Japanese officials have been causing outrage with words as well as actions. Tokyo mayor Toru Hashimoto in May made unbelievably callous remarks about the tens of thousands of women who were forced into sex slavery by Japanese authorities during World War II. “To maintain discipline in the military, it must have been necessary at that time. For soldiers who risked their lives in circumstances where bullets are flying around like rain and wind, if you want them to get some rest, a comfort women system was necessary. That's clear to anyone," Hashimoto said, disgracefully. Prime Minister Shinzo Abe, for his part, has been repeatedly questioning the view that Japan was an aggressive power during the war. Gen Douglas MacArthur with Emperor Hirohito, 1945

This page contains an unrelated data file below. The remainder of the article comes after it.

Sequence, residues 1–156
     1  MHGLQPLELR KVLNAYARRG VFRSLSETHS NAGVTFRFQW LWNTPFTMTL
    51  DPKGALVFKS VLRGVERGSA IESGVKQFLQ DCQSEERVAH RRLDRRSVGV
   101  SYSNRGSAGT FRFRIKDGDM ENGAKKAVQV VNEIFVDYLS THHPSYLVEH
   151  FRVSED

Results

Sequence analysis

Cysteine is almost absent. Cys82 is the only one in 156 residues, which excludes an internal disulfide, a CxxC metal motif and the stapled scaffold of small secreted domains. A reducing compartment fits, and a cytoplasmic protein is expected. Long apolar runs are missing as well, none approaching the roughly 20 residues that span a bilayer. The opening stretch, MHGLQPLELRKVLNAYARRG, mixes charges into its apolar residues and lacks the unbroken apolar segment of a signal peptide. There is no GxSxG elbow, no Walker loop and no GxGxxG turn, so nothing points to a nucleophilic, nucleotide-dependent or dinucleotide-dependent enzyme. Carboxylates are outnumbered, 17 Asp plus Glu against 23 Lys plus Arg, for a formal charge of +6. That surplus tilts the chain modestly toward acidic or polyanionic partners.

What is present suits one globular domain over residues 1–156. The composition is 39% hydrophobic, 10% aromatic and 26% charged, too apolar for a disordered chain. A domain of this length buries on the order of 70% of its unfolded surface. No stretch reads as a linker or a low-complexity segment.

I think the problem can be traced in part to the US occupation of Japan between 1945 and 1952. The Americans were keen to ensure stability, and nervous about the potential spread of communism in Japan. So they decided that the emperor must remain - and moreover, must be absolved of guilt for crimes committed during the war. According to the historian John Dower, one of Hirohito's generals accidentally revealed during his war crimes trial that the emperor had been complicit in a particular act of aggression. The prosecution visited him that evening and advised him to recant; he willingly complied.
There is a striking contrast with Germany, where Hitler killed himself and the Nazi regime was totally dismantled (although many former Nazis remained in the West German civil service) - indeed the country itself ceased to exist as an integrated whole for nearly half a century. While Germans can totally reject the regime that took them to war as an isolated, odious period of their history, it is harder for the Japanese to dismiss the imperial state - because Japan is still, nominally, an imperial state, with Hirohito's son on the throne and widely revered.